commands.getstatusoutput result is not command line exit value!!!

Hari Sekhon hpsekhon at googlemail.com
Mon Oct 2 17:57:52 CEST 2006


I'm sorry, this may seem dense to you but I have to ask. What on earth 
are you talking about?

Why is it shifted 8 bits to the left? Why is there bitshifting at all? 
Why doesn't commands give the same exit value as os.system() and the 
unix cli?

When you choose to exit a program you give it a return value to exit 
with, so why would this change, I exit with the number 1 then expect 
that number to be the exit code, right? Where do these higher numbers 
come into the equation and why?

Please assume that I am not a mind reader and require explanation before 
I can understand.

Perhaps you aren't a mind reader either and don't know why the writers 
of the commands lib chose to do this insanity either? It seems the 
os.system() guys did the right thing, I wonder why 
commands.getstatusoutput doesn't...

Having just tested it manually with a shell script returning 2, 
commands.getstatusoutput did give the exit code as 512, so it does seem 
to generically shift the exit code 8 bits to the left or multiply it by 
256 for those of us who need some more straight talking...

ugg, perhaps it's time to stop using this thing and use a better lib module.

any explanations welcome...

-h

Hari Sekhon



Steve Holden wrote:
> A famous Holden typo - it should have been "12 * 256 == 3072", but 
> really it shouldn't have been beyond you to perform a division of 3072 
> by 12 (given that you already knew the number 12 was potentially 
> involved).
>
> Basically the value you want is shifted up 8 bits. Perhaps I should 
> more understandably have said:
>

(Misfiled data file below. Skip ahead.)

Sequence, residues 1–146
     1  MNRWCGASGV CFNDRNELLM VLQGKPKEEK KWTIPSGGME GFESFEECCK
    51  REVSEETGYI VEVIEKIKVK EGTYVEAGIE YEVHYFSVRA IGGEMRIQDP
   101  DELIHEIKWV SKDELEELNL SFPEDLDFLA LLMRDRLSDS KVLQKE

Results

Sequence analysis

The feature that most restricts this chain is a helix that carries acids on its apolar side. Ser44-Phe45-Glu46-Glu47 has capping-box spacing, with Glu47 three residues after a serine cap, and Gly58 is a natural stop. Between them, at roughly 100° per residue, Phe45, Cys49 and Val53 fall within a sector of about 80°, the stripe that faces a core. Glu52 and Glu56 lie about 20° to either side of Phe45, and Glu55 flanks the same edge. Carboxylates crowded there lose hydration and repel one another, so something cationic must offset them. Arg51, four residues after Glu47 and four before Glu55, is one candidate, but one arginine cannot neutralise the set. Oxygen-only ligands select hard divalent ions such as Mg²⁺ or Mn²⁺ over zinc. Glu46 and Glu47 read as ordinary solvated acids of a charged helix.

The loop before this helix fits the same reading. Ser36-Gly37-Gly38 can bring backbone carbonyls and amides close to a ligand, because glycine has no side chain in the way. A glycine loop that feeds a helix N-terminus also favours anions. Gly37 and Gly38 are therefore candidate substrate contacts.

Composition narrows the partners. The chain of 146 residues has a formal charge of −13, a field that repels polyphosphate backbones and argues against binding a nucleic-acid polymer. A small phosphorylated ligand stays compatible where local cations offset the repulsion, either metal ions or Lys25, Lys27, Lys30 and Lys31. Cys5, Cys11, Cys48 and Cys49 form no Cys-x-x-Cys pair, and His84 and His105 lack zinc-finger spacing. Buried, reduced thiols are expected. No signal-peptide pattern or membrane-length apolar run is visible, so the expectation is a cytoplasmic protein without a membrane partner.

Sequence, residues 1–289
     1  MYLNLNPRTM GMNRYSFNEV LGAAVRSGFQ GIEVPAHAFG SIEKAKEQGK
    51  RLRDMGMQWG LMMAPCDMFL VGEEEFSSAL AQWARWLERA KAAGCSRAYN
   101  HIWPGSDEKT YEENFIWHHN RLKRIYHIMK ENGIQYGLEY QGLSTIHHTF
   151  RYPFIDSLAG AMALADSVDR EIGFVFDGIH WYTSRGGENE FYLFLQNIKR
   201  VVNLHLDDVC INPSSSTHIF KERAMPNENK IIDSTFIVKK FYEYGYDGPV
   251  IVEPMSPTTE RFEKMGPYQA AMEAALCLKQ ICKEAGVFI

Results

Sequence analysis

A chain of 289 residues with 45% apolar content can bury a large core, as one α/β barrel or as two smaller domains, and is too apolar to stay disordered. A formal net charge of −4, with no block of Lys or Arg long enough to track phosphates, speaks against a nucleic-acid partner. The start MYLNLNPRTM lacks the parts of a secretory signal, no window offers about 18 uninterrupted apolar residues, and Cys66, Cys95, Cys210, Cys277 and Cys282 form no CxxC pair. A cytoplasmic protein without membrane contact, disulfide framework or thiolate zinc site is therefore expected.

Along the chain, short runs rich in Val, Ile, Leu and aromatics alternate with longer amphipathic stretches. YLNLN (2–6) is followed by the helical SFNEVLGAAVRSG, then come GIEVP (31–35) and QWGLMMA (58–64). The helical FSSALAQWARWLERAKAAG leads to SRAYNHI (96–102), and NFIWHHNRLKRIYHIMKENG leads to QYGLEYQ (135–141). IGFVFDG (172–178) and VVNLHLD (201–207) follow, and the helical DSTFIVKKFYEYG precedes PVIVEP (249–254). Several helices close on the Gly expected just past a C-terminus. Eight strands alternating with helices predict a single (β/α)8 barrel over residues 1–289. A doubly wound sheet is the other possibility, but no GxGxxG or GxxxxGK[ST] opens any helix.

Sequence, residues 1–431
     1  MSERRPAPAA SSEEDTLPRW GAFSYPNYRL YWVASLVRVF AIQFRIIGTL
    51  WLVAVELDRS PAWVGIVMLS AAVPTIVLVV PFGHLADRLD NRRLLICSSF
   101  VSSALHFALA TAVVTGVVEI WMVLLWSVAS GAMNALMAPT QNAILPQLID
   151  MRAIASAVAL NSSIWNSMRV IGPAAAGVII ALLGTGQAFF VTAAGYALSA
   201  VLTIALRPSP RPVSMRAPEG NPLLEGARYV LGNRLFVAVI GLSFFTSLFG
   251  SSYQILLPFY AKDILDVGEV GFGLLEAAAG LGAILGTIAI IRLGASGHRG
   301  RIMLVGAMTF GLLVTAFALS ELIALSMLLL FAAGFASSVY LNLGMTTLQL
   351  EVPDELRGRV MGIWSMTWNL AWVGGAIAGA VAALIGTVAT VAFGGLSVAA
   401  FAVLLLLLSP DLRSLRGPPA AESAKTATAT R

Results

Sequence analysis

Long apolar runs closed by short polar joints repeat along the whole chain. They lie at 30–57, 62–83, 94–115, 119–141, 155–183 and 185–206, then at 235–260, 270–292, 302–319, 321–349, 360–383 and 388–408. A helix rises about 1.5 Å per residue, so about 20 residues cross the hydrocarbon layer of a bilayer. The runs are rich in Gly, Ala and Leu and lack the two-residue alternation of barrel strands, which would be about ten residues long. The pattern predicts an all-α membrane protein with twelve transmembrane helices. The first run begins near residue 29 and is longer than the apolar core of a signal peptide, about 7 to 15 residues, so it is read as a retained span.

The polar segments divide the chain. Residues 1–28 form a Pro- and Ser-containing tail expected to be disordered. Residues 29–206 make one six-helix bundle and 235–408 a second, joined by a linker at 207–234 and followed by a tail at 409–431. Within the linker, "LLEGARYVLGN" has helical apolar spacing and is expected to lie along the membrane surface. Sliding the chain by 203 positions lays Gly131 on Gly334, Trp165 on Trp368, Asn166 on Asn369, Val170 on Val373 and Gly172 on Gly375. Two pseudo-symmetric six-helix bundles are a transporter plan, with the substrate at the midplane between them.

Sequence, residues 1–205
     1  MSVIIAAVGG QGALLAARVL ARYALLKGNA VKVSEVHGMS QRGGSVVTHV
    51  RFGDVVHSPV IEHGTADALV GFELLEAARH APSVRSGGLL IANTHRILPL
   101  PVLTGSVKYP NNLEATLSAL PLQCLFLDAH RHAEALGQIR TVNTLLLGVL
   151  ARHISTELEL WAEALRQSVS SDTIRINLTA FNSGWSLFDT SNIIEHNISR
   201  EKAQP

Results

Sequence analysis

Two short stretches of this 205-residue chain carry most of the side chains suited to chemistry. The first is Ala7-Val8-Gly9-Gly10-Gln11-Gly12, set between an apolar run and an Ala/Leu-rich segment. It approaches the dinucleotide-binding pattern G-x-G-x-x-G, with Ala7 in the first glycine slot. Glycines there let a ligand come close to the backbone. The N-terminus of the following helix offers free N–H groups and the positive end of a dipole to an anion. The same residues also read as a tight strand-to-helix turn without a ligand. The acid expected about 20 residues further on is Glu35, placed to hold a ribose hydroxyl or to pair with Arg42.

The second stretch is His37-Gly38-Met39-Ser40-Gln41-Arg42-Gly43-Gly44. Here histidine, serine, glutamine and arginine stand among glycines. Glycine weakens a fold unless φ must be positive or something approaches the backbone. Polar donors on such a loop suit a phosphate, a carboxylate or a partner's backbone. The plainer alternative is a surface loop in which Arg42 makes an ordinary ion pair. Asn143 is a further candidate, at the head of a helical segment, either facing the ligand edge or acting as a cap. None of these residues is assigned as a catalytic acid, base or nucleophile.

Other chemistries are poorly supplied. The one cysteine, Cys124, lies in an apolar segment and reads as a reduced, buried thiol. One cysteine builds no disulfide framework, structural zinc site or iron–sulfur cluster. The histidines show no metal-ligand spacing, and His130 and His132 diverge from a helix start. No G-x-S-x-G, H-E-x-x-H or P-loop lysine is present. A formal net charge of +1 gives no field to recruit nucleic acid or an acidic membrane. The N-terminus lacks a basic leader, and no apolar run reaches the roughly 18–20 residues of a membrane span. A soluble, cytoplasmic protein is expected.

>   12 << 8 == 3072
>
> regards
>  Steve
>
> Hari Sekhon wrote:
>> I don't quite understand what you are saying here:
>>
>> 2 * 256 is 512,
>> 2 ** 256 is some extremely large number.
>>
>> 2**12 is 4096.
>>
>> So how does 3072 factor into this?
>>
>> Could you explain what you mean by "the error in the top half of a 
>> sixteen-bit value"?
>>
>> This makes no sense to me at this moment.
>>
>> -h
>>
>> Hari Sekhon
>>
>>
>>
>> Steve Holden wrote:
>>
>>> Hari Sekhon wrote:
>>>  
>>>
>>>> I'm running a command like
>>>>
>>>> import commands
>>>> result = commands.getstatusoutput('somecommand')
>>>> print result[0]
>>>> 3072
>>>>
>>>>
>>>> However, this exit code made no sense so I ran it manually from the 
>>>> command line in bash on my linux server and it gives the exit code 
>>>> as 12, not this weird 3072 number.
>>>>
>>>> So I tried os.system('somecommand') in the interactive python shell 
>>>> and it too returned the same result for the exit code as the unix 
>>>> shell, 12, but re-running the commands.getstatusoutput() with the 
>>>> exact same command still gave 3072.
>>>>
>>>>
>>>> Is commands.getstatusoutput() broken or something?
>>>>
>>>>
>>>> -h
>>>>
>>>>   
>>> No, it's just returning the error code in the top half of a 
>>> sixteen-bit value. You will notice that 3072 == 2 * 256.
>>>
>>> That's always been the way the Unix return code has been returned 
>>> programattically, but the shell shifts it down to make it more usab;e.
>>>
>>> regards
>>>  Steve
>>>  
>>>
>
>



More information about the Python-list mailing list